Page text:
I have not gone through the heading (that I added for lack of a better term "Background"). The weakness of this article is that it takes a while to get to the actual battle (which is what this article is about). The strength of this article is that it describes well the battle. I threw in a lot of transitions to move the story from one event to the next. Please check to make sure that I haven't changed in the process the facts of the story.

(I moved the three paragraphs dealing with the nuclear option of Operation VULTURE to a separate page as this was just peripheral information about a side option to a proposed plan that was a remote possibility. It was a major detour in the article and detracted from the flow.)

Keep it up. Russell D. Jones 02:59, 27 December 2008 (UTC)

I haven't read your edits yet, but will do so now. Operation VULTURE came up first on my watchlist, so I added some things there. Actually, I can lay my hands on quite a bit more, but I don't see it as necessary. While I think I can find a sourced citation, the best possible outcome for the French, with all possible U.S. support, would have been protecting their retreat. There was absolutely no way the base could be held, nor did it make any real sense to do so.
Ouch. The quotes were from Giap's book, People's War People's Army, which I had on interlibrary loan so isn't on hand to give you page references. If you can live without pages, I certainly can cite the book. The words may be in some secondary sources on hand, but I'm certain of the book.
With caveats, I can live without lessons learned. On the Vietnamese side, they are actually spread through a variety of articles. On the French side...I don't know whether to laugh or cry. My major caveat might better belong in Battle of Khe Sanh which I did not originally create, General Offensive-General Uprising, or some articles on DRV strategic thinking that I'm still writing. At the time of Khe Sanh (don't know if you personally remember the news at the time), frequent comparisons were made to Dien Bien Phu, but, beyond the superficial, there was no comparison; the U.S. forces at Khe Sanh had more air support in a day than the French had during the entire battle, their airstrip was never cut off, etc. LBJ, however, still considered nuclear weapons at Khe Sanh.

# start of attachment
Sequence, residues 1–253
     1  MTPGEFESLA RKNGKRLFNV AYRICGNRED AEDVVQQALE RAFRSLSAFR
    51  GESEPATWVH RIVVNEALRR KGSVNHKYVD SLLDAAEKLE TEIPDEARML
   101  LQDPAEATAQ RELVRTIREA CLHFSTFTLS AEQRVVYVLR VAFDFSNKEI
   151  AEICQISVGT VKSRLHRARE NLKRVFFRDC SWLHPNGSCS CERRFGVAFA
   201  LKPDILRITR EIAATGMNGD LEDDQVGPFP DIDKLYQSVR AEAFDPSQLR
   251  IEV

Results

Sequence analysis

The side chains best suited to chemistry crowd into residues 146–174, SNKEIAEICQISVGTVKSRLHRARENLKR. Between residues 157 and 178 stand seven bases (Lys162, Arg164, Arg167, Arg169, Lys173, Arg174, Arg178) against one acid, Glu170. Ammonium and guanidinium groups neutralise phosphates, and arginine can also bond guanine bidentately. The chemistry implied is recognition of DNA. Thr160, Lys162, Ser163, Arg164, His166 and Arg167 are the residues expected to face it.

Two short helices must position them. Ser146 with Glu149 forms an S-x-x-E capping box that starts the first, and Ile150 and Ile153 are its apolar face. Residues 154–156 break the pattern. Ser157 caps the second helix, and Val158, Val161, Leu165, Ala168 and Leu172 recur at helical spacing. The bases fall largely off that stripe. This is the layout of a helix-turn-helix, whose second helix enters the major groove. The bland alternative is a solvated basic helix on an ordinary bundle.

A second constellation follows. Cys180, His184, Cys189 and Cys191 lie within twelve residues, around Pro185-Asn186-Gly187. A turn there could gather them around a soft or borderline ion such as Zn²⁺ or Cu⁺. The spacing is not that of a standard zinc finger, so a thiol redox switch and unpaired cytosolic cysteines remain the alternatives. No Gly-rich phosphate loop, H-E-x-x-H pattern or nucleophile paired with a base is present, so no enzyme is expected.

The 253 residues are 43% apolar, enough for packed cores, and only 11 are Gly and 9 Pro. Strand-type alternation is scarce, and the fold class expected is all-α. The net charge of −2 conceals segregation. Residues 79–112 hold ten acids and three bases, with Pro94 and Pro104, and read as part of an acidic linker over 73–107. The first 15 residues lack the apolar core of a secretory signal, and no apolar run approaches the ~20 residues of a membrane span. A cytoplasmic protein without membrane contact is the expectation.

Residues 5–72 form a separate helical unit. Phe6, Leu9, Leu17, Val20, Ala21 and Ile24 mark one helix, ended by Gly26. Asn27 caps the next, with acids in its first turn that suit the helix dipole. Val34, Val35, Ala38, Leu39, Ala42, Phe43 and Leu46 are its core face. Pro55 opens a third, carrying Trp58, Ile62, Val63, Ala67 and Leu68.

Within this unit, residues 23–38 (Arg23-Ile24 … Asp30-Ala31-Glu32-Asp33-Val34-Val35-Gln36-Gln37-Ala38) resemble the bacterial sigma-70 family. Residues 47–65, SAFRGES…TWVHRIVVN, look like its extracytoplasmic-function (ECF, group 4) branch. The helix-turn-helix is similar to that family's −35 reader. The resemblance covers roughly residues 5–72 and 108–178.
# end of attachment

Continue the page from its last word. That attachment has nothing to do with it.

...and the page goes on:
POWs were a very ugly story. It's well covered in Fall's Street without Joy, which is next to me, and I believe I have some additional material, including some Vietnamese sources.
I may need help on positioning the artillery table; I need someone who knows more about table formatting than I do, since some of the cells ideally should combine. Given that I had to play with it a lot to get it where it is, there may be a lot of monitor dependency. One possibility is that I could create a single graphic that includes both the table and the map, so they are in a fixed relationship, but I don't know if a necessarily large graphic will fit any better or be more readable.
Is their truly a direct relationship to the Geneva Conference, as opposed to the overall French situation? The fighting didn't stop with Dien Bien Phu; the destruction of the Groupe Mobile 100 came a little afterwards. When COL Piroth committed suicide, he was effectively representing the French negotiating position at that point. Howard C. Berkowitz 03:18, 27 December 2008 (UTC)
OK. Let me know if you prefer answers inline.
Google Books did have the quotes, although the section shown didn't have the endnotes; he's probably quoting from Giap.
The challenge of a bibliography is more to limit its scope, remembering this is a battle or campaign (depends how you define things -- I will call this a battle, while Ia Drang is properly a campaign). It also tempts me to have a section entitled "things the French high command should have read."